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UHCW Response to Francis Report

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UHCW continues to respond to the Francis Report and others

Hard Truths: The Journey to Putting Patients First1 is the Government’s formal response to the Francis Report2 and other related reviews and inquiries that have been published since February 2013.

In April 2013, UHCW’s Trust Board received a report detailing its proposed response to the 290 recommendations in this national Directive. The Trust committed to:

In support, the Chief Executive led a series of briefings for staff and external partners, such as the local Health and Social Care Scrutiny Committee of Coventry City Council, reaching out to more than 1200 attendees.

The Trust also assessed itself against both the broad principles highlighted by Francis and the detail of relevant individual recommendations, reinforcing its values to:

Subsequent national reports, such as Berwick3 and Keogh4, have reinforced these principles. As a consequence, their recommendations have been incorporated into an integrated response to Francis in an Action Plan.

Of the original Francis recommendations, 81 were considered to be directly relevant to the Trust. Integration of the action plan resulted in a total of 101 recommendations to be considered by responsible officers. Executive and corporate leads have since been working to provide full assurance against each one. The Francis et al Steering Group was established to oversee the progress of the Action Plan and it has met regularly over the last 15 months. Its task is to ensure the Trust delivers a coherent, system wide response, building on existing initiatives and avoiding duplication of effort. The Quality Governance Committee has responsibility for monitoring progress and regular reports have been made to the Trust’s Chief Officers’ Group and the Trust Board, with the latest report being considered by the Trust Board at its February meeting in 2015.

At the present time, of the 101 relevant recommendations, 59 are closed, 26 are waiting to be closed and 26 remain open. Those that are still open are being actively progressed by responsible executives and corporate leads.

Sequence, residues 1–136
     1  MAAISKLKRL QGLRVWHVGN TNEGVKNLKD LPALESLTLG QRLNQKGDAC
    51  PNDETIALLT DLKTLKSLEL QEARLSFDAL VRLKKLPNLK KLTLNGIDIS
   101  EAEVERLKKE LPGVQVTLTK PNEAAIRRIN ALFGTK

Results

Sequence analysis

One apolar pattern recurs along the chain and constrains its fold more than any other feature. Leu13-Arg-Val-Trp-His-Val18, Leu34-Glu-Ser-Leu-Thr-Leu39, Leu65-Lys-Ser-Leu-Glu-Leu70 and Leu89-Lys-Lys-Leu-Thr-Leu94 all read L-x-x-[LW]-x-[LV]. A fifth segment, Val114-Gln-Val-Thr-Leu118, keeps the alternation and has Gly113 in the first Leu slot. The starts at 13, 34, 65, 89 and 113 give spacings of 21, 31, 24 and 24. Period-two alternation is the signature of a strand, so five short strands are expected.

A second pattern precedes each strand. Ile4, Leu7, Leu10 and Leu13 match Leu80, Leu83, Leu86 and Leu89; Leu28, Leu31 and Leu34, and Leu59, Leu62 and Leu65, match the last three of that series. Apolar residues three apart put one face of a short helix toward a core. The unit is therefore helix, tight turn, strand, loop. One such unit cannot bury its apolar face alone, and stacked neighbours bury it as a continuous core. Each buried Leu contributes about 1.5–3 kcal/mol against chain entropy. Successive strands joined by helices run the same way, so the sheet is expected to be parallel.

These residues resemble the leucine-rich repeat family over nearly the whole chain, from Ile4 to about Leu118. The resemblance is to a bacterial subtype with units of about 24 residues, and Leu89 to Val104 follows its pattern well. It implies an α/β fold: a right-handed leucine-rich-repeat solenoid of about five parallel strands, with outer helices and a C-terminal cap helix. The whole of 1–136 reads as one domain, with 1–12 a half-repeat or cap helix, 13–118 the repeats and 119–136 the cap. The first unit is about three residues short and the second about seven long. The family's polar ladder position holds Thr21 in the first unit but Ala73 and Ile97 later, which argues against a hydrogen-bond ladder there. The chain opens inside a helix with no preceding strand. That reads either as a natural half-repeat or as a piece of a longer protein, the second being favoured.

Significant milestones in the Trust’s response have included the review of its Quality Strategy in 2014, a review of how the Trust engages with patients and the public, improved staff ‘Impressions’ survey and implementation of a review of Human Resource policies and procedures to ensure they comply with the duty of candour and support values based recruitment. An integrated Quality Report provides a user friendly dashboard that helps clinicians, managers and executives focus on the potential for improving clinical effectiveness and patient experience. The Trust’s organisational development programme, Together Towards World Class, makes explicit the values and behaviours expected of its staff and now at its first birthday, this initiative continues to underpin the way the organisation delivers services to its patients and its community.

The full implications of Francis et al continue to emerge and evolve with, for example, Freedom to Speak Up5 – the new guidance on whistle blowing within the NHS - has recently being published. The impact continues to be significant, making NHS organisations more open and transparent. UHCW does, and will continue to, embrace new ways of ensuring the patient’s view is at the heart of the development and delivery of its services. The forthcoming Inspection of UHCW by the Chief of Hospitals will provide further opportunity to showcase its commitment to its patients, staff and local community.

 
References

1: Hard Truths: The Journey to Putting Patients First (DH November 2013)

2: Report of the Public Inquiry into Mid-Staffordshire NHS Foundation Trust chaired by Sir Robert Francis QC (DH February 2013)

3: A promise to learn– a commitment to act: Improving the Safety of Patients in England: National Advisory Group on the Safety of Patients in England Chaired by Don Berwick (DH August 2013)

4: Review into the quality of care and treatment provided by 14 hospital trusts in England. Professor Sir Bruce Keogh. July 2015

5: Freedom to Speak Up – report by Sir Robert Francis QC. February 2015
 

Page updated February 2015


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